Whether by accident or somewhat by design, the can is not infallible in the craft beer world
Now that cans have become craft beer’s coolest packaging, I find myself buying a lot of aluminum. Just last Thursday, I was hauling my latest purchases down to the cellar when I heard a pretty serious pop. One of the cans in my right hand, a hazy IPA, had burst at the seam of the lid, sending about a third of a can’s worth of beer from the ceiling to the floor. I was left with plenty of clean up, but thankfully, nothing worse. Though I’d once or twice had a homebrewed bottle of beer explode, it was the first time in my 25 years of drinking I could ever remember a can exploding.
I later found out that the beer in question had been recalled after “suffering from a re-fermentation in pack.” (I’ll refrain from naming names because I believe the brewery took all the proper steps on this issue.) “We will be doing our utmost to understand the problem and will update in due course,” the brand wrote in the recall.
In my case, the exploding can was an accident. As craft brewers have pushed beers to be more experimental, they’ve also introduced more elements to consider and control. In general, yeast will do a brewer’s bidding, but these microbes are living organisms and, sometimes, they’ll do as they please. If too many fermentable sugars are left in a can, and remaining yeast (either wanted or unwanted) find the right conditions, they can eat through these sugars, release carbon dioxide, and potentially, cause a can to burst. It’s not a common scenario, but for any number of factors, it’s occasionally possible.
But coincidentally to my exploding can conundrum, just this week, the site Good Beer Hunting published a story on the subject titled, “The Unfortunate Trend of Exploding Cans in Craft Beer.” Their article, however, looks at an even stranger phenomenon: Cans that will almost inevitably explode if not properly cared for.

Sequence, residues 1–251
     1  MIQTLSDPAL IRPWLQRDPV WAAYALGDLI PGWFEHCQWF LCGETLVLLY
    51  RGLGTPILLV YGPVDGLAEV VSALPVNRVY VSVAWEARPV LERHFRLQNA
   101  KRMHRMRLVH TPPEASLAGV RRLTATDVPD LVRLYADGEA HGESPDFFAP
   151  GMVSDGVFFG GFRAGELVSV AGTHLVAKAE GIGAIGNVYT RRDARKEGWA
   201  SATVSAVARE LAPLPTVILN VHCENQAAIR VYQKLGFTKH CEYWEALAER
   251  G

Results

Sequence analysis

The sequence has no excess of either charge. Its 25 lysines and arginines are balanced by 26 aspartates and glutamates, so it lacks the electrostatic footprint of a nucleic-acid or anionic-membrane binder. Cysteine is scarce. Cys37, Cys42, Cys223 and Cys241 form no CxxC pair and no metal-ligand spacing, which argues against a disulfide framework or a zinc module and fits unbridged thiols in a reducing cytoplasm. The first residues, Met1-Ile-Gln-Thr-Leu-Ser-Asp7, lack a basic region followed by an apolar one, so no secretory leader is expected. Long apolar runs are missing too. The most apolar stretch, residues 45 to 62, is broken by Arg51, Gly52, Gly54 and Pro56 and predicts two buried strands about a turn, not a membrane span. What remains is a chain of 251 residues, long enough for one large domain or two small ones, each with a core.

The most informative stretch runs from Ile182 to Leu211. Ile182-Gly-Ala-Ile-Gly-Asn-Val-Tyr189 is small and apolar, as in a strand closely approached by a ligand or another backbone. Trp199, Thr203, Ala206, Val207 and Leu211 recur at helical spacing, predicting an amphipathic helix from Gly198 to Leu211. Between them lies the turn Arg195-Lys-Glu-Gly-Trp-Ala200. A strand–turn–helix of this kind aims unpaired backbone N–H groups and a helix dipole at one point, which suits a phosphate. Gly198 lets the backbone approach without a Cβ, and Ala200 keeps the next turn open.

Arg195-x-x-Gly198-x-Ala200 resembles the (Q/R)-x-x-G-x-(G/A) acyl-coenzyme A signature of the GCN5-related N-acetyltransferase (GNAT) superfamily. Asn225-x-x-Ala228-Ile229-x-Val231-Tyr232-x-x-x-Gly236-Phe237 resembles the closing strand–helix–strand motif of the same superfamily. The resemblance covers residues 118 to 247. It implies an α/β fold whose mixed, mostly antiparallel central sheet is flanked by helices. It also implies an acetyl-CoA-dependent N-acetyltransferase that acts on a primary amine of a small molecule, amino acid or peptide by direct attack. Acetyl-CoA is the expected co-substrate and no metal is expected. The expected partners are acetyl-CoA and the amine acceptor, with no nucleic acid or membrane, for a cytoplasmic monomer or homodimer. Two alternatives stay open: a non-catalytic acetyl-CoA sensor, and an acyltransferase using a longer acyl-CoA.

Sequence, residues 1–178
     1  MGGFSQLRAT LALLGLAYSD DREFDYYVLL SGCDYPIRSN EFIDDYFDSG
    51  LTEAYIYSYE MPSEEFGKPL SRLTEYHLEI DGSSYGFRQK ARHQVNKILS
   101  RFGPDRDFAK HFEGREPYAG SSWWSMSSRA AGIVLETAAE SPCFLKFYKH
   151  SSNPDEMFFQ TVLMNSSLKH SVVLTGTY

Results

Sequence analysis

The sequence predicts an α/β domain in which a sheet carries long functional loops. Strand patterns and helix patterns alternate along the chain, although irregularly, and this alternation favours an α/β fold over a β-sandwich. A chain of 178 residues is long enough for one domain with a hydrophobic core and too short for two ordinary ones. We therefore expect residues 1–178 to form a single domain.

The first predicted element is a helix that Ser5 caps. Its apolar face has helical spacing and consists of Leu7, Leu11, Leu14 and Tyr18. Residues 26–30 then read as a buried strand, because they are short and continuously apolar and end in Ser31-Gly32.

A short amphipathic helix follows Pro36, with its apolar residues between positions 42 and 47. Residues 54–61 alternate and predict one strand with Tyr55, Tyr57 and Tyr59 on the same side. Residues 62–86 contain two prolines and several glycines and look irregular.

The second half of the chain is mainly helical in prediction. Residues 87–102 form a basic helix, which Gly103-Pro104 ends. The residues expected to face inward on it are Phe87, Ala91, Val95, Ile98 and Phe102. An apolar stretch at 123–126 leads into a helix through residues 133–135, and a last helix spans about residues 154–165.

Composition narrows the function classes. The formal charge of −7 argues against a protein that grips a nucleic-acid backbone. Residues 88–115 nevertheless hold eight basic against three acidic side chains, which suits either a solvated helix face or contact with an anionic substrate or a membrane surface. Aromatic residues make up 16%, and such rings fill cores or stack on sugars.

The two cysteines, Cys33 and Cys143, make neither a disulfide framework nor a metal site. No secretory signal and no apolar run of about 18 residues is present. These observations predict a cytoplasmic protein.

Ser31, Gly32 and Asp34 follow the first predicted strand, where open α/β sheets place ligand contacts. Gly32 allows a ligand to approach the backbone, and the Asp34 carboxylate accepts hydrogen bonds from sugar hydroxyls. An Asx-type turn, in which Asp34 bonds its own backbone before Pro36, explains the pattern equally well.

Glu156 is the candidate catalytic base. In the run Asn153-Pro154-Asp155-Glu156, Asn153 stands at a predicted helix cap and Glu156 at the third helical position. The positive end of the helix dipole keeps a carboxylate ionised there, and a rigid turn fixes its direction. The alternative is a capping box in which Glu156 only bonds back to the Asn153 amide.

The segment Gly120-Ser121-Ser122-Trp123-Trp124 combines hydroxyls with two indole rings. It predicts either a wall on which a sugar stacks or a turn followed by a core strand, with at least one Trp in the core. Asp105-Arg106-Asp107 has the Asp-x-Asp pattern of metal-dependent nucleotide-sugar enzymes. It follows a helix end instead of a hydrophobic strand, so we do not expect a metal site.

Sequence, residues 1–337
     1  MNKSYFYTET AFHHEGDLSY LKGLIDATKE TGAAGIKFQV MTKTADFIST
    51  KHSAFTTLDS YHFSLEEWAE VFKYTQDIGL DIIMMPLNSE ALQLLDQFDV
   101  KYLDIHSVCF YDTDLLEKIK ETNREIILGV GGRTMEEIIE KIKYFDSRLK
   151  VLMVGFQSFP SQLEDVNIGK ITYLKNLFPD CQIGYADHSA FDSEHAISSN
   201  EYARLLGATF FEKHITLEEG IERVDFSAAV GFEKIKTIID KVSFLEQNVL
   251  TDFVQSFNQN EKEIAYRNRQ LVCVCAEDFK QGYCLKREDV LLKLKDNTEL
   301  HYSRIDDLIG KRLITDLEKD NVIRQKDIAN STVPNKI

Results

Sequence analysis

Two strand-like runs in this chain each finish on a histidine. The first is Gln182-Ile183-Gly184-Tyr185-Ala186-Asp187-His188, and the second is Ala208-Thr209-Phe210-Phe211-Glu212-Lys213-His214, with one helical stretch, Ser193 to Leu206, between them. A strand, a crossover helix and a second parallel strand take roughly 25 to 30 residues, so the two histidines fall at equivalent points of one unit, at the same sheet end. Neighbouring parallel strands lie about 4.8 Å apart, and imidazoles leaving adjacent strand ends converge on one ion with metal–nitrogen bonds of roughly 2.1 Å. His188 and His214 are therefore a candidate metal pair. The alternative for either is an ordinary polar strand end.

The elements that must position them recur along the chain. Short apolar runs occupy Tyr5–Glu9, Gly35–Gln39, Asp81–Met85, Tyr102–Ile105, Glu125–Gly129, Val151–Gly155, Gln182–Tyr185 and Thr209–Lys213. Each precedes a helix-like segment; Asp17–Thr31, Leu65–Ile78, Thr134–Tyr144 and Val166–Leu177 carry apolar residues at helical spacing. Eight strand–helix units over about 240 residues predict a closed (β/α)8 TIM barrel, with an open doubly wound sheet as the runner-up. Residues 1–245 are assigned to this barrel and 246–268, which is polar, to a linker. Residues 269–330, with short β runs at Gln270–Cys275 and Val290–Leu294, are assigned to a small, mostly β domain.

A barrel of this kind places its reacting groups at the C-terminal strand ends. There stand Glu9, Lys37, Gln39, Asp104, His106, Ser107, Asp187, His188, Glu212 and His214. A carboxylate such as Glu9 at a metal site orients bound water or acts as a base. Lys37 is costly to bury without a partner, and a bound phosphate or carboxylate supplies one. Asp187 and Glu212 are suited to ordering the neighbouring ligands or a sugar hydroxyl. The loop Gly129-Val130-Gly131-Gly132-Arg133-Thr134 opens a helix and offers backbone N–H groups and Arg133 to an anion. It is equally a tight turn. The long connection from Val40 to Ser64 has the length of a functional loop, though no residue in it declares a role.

One example: In the pursuit to push the boundary of beer flavors, some breweries have taken to adding fruit into canned beers at the very end of production. As a result, these beers are jam-packed with fermentable sugars, and if brewers don’t eliminate all the yeast, the cans can be extremely volatile. Good Beer Hunting points to New Jersey’s Magnify Brewing which literally put an image of a bomb on their Trade Proof Fruited Gose and put a warning on social media that “It is imperative that these cans remain cold at all times!” Temperature is key because yeast become more active in warmer temperatures and can go dormant in cold temperatures.
To be fair, as I found out last week, exploding beer cans aren’t as dangerous as an actual bomb. Still, should a brewery even be selling cans it knows has a likelihood of exploding if not handled properly? “It’s important that people understand education is a huge part to make sure everyone knows what they’re buying,” Magnify’s Eric Ruta told GBH. “Obviously, you’re not going to be used to cans exploding, so you have to realize this is very serious. We really, really need to make sure everybody realizes that.”
Though “buyer beware” might sound like an odd argument for grabbing a cold brew, Ruta offered up another example. “If you go to the grocery store to buy milk and leave it in your car for two days, then drink it, you’re going to get sick,” he said.
Regardless of whether you agree with Ruta or not, the larger takeaway here is clear: Whether by accident or somewhat by design, beer cans can—on very rare occasions—explode under some conditions. Importantly, the vast, vast (vast!) majority of beer cans won’t explode. With the exception of far-out brews like the Magnify example above, all breweries invest a lot of time to make sure their packaging doesn’t break, if only because exploding beer is lost revenue and recalls are expensive. But as Ruta implies, the beer world has changed and it’s important for consumers to understand that bursting cans are a possibility… if only so you don’t feel so shocked when a can bursts while you’re taking it down to your cellar.